• master – production code
  • try – short-lived branch where developers can push their code to try it in the deployment environment

To make it easier to work with all these branches, we forked the Gitflow Git plugin and added features like automatically linking a feature branch to the corresponding story in Pivotal Tracker when starting a feature and posting a review request to Review Board (which we use for code reviews) when finishing a story. We’ve open-sourced our modified version of this plugin in case anyone else is interested in using it.


CircleCI is a hosted continuous integration service that takes care of automated testing, building and deployment of our applications. It can be connected to any project that is hosted on GitHub. To start using CircleCI, log in via GitHub OAuth and “follow” the repository you want to use. CircleCI inserts an SSH key into your repository settings that is used for checking out the latest source code. It also inserts a service hook that will ping CircleCI every time you push new commits to GitHub. Whenever CircleCI detects new commits, it pulls the latest source code, starts a new VM for the project and runs the tasks defined in the circle.yml configuration file in the repo root. If any of those tasks fails, the build is marked red and cancelled, otherwise is marked green and deployed to the runtime environment.


This is a YAML file. It specifies which commands should be run on the CI server to test, build and deploy the application. Here’s an example:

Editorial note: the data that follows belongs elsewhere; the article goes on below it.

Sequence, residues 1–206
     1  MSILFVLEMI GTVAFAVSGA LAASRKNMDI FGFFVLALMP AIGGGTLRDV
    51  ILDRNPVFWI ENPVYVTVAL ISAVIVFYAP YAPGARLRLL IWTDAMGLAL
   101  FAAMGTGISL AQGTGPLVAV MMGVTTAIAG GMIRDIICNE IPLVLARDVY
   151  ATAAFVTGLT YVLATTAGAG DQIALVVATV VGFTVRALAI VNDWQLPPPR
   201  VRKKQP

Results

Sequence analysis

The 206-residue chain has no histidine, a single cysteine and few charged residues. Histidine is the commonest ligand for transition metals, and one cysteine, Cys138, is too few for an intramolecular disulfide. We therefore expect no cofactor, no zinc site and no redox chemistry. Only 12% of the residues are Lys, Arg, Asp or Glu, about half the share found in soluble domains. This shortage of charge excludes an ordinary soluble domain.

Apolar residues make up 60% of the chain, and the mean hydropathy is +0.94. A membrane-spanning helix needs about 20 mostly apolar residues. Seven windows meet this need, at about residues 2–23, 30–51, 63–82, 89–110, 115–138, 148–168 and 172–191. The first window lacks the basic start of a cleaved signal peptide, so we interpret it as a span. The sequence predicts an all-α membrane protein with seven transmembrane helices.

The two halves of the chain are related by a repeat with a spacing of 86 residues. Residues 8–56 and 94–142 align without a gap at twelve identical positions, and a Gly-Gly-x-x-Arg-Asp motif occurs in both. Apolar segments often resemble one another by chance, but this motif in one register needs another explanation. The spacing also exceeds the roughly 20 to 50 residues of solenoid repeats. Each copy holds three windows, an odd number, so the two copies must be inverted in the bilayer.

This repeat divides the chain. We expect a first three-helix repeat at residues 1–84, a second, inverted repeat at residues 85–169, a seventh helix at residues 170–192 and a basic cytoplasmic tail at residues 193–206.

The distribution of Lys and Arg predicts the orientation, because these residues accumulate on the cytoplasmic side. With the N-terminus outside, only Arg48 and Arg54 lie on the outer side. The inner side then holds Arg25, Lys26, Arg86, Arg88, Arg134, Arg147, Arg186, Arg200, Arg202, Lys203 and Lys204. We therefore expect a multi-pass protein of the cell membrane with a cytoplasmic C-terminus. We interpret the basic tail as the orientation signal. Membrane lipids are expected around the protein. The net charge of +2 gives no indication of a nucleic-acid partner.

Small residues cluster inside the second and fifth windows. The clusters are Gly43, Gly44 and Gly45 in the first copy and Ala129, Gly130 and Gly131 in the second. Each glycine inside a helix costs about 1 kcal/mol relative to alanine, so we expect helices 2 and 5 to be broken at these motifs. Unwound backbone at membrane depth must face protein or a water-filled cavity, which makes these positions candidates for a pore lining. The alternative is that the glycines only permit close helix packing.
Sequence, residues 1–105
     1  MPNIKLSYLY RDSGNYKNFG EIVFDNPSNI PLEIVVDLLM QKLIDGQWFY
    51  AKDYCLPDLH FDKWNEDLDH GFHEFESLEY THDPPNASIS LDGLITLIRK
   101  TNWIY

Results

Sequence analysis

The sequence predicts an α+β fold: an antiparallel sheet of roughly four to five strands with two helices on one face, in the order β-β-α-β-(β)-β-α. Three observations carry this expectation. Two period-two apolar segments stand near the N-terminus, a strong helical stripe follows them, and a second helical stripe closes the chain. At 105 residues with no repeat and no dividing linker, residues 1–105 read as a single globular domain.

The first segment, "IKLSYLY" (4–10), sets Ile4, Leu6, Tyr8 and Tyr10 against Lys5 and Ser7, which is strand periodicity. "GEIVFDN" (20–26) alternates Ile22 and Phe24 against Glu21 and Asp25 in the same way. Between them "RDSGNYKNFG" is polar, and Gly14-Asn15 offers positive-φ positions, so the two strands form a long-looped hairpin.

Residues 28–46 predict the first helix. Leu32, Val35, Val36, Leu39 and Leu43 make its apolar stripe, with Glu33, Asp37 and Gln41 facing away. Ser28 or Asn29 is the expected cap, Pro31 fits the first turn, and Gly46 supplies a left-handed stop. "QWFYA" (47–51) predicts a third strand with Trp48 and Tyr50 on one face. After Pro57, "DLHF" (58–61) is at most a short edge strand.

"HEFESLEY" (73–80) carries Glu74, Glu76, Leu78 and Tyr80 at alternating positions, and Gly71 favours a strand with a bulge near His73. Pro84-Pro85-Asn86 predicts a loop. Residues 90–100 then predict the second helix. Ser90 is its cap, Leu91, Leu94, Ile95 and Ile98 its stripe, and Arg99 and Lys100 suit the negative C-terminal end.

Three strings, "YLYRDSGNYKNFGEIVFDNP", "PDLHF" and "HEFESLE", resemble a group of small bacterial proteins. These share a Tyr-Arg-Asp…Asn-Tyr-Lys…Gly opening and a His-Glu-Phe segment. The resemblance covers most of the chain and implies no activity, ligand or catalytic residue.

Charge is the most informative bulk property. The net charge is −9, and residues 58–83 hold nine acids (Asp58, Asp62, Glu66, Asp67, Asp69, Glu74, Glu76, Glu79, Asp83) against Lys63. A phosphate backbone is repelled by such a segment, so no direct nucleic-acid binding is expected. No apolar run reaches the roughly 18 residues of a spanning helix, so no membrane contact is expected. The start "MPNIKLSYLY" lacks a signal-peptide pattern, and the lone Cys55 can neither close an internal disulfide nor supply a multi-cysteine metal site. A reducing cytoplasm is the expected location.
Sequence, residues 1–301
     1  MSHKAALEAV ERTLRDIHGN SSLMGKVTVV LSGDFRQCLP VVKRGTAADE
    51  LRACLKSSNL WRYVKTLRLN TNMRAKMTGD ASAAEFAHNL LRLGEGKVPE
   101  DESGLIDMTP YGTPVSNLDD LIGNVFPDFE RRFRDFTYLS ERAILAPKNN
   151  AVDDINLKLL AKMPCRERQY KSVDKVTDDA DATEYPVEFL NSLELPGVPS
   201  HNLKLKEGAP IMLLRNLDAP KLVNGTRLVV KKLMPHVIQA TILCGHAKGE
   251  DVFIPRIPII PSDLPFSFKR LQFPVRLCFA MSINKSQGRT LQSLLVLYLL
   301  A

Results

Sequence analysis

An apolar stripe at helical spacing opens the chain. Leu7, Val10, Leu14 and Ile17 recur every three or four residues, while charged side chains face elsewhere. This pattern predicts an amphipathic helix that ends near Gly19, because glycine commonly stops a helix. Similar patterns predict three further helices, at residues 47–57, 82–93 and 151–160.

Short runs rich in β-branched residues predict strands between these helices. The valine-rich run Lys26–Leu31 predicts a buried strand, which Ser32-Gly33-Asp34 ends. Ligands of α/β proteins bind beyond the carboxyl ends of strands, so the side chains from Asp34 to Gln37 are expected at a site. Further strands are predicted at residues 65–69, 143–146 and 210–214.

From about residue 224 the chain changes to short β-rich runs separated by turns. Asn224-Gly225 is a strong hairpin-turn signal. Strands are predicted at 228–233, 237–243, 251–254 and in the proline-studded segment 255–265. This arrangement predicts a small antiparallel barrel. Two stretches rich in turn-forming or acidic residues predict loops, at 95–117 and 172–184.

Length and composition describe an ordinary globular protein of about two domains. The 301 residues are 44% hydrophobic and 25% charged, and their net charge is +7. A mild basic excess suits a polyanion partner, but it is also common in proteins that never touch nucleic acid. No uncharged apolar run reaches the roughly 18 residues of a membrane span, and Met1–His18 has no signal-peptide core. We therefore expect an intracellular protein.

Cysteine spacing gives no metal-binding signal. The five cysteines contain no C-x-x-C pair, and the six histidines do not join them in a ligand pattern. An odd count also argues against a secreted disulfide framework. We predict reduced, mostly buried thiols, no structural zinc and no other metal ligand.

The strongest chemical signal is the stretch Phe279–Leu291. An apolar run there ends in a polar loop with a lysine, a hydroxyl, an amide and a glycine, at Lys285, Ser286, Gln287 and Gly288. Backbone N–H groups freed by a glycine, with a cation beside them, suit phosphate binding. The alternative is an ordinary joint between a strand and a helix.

PATH: ${PATH}:${HOME}/${CIRCLE_PROJECT_REPONAME}/node_modules/.bin
    NODE_ENV: test
    TZ: Europe/Prague
    version: v0.10.33
    - code/client/build/karma-coverage
    - node_modules
    - code/server/node_modules
    - code/client/node_modules
    - code/client/vendor
    - npm prune && npm install
    - npm prune && npm install:
        pwd: code/server
    - npm prune && npm install:
        pwd: code/client
    - bower prune && bower install:
        pwd: code/client

    - grunt test:
        pwd: code/server
    - grunt test && grunt compile:
        pwd: code/client
    - sed -i -e 's/\/node_modules//' code/server/.gitignore
    - sed -i -e 's/\/bin//' code/client/.gitignore
    - git config "circleci"
    - git config ""
    - git add -A
    - git commit -m "build"
    branch: /try.*/
      - git push -f${CIRCLE_PROJECT_REPONAME}-try.git ${CIRCLE_BRANCH}:master
    branch: develop
      - git push -f${CIRCLE_PROJECT_REPONAME}-dev.git ${CIRCLE_BRANCH}:master
    branch: /release.*/
      - git push -f${CIRCLE_PROJECT_REPONAME}-qa.git ${CIRCLE_BRANCH}:master
    branch: client